At a hearing last week before the House Aviation Subcommittee on the future of airport infrastructure development, American Association of Airport Executives (AAAE) President and CEO Todd Hauptli (Shown at right), called on Congress to give airports additional local authority to address pressing infrastructure needs by increasing the arbitrary federal cap on local passenger facility charges (PFCs) that has been locked at the same $4.50 level since 2000.
“As is abundantly evident to travelers and to anyone who has taken a hard look at the forecasts for future growth, the nation’s airports require significant investment to meet growing passenger levels and the increased demands being placed on already crowded airport facilities,” Hauptli said. “A number of airports are bursting at the seams in terminals and on tarmacs, while others are struggling to update facilities that were developed and constructed at the dawn of the jet age. These problems are only going to get worse as time passes and traffic levels rise.”
AAAE and other airport groups are advocating for an increase in the federal cap on local PFCs to $8.50 with periodic adjustments for inflation. The current federal PFC cap of $4.50 was last adjusted by Congress in 2000. The purchasing power of the PFC has dwindled significantly to less than $2.50 over the intervening years. In order to keep up with construction cost inflation, it is necessary to raise the PFC cap to $8.50.
“In the absence of increased federal support — which we all recognize is unlikely given budget constraints — the only realistic opportunity that exists to address the airport infrastructure development gap aside from the assumption of significantly more debt is to give airports the self-help they need by adjusting the federal cap on local PFCs,” Hauptli said. “PFCs are not taxes; they are local fees that are determined locally, justified locally, and spent locally to help airports build for the future. It’s time for the federal government to free airports from an artificial constraint last addressed by Congress when Bill Clinton was in the White House.”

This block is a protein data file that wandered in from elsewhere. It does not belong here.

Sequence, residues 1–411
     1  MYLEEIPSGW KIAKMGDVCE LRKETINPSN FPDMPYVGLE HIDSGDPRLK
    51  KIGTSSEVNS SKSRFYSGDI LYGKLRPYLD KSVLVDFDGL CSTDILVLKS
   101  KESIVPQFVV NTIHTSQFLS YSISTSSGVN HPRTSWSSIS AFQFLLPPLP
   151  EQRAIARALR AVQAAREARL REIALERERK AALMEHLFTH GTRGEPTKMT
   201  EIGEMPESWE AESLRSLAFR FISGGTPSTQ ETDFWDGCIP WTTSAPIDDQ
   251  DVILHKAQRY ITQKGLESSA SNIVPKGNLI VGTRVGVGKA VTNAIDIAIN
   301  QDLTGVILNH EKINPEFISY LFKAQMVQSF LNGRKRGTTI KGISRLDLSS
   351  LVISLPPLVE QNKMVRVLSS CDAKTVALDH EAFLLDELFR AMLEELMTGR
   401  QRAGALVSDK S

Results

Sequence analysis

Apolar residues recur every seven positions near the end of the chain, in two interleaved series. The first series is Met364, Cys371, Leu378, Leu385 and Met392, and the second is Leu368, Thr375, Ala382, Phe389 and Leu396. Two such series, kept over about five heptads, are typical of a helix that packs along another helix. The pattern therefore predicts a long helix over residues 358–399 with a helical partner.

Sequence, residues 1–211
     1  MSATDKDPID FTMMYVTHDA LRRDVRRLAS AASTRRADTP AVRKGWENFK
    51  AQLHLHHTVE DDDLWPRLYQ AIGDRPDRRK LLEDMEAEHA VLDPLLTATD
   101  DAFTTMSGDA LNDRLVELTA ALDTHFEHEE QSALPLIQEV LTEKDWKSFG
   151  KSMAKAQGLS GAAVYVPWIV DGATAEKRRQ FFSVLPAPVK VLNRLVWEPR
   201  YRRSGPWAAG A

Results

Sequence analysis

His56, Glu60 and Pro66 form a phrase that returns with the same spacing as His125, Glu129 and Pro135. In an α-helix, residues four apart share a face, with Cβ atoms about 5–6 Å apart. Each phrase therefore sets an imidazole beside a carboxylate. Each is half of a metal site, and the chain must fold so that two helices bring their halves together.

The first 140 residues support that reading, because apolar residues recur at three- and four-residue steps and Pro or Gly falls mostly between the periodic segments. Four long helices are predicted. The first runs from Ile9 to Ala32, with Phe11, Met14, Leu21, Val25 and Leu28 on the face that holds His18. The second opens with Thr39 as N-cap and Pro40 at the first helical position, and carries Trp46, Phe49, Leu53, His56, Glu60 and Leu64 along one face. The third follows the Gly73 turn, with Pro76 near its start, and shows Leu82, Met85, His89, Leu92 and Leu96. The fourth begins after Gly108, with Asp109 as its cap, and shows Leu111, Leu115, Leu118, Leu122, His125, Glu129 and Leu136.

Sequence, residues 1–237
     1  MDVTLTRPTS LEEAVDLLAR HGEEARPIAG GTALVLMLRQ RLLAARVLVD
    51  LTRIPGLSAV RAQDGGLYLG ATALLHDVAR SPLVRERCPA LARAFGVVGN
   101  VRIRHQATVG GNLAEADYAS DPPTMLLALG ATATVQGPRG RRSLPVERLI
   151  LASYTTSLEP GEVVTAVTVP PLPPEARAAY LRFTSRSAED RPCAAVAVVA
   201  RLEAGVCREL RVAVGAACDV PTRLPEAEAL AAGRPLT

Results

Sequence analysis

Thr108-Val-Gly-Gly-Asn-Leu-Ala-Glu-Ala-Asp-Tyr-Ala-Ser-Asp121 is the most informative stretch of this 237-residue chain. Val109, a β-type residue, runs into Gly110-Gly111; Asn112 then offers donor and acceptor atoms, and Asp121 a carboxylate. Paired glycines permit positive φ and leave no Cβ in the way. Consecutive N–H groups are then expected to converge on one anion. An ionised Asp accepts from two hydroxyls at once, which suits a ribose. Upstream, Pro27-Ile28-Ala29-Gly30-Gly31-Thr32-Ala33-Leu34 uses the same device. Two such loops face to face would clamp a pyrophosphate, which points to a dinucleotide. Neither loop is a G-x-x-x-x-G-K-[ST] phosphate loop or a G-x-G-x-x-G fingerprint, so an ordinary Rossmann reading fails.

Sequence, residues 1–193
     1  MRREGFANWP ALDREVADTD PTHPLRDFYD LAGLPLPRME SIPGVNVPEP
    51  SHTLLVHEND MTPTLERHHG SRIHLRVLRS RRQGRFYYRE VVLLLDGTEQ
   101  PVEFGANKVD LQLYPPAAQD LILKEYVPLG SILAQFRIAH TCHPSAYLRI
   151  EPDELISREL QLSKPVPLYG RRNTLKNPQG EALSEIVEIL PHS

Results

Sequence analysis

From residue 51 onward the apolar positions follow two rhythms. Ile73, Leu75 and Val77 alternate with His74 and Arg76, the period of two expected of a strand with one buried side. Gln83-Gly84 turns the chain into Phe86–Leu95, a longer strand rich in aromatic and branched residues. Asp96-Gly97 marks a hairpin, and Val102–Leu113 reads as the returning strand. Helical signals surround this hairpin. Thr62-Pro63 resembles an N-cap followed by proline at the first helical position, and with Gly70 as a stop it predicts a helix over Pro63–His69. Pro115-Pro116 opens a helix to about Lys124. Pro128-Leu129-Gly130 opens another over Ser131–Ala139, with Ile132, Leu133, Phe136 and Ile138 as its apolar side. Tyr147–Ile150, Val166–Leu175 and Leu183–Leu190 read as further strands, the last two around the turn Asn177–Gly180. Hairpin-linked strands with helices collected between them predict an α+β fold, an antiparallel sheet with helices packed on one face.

Hauptli acknowledged airline industry opposition to a PFC increase, but called on lawmakers to look at the long-term interests of the country rather than the 90-day window to the next quarterly report that drives airline policy formulation.
“We recognize that a proposed increase in local PFCs is strongly opposed by the airlines, who inexplicably contend that infrastructure needs are being met and that an extra $4 in fees would significantly decrease demand for air travel – an interesting claim to make given the $3.35 billion in baggage fees that the carriers collect on an annual basis,” Hauptli said.
He added, “Airports have an obligation to the communities they serve to look out over the horizon a decade or longer to ensure that all facilities are up to standards and adequate to serve the traffic and demand that is expected to occur. We need decision-makers in Washington to take the same long-term approach and reject short-sighted arguments that good enough for now is good enough.”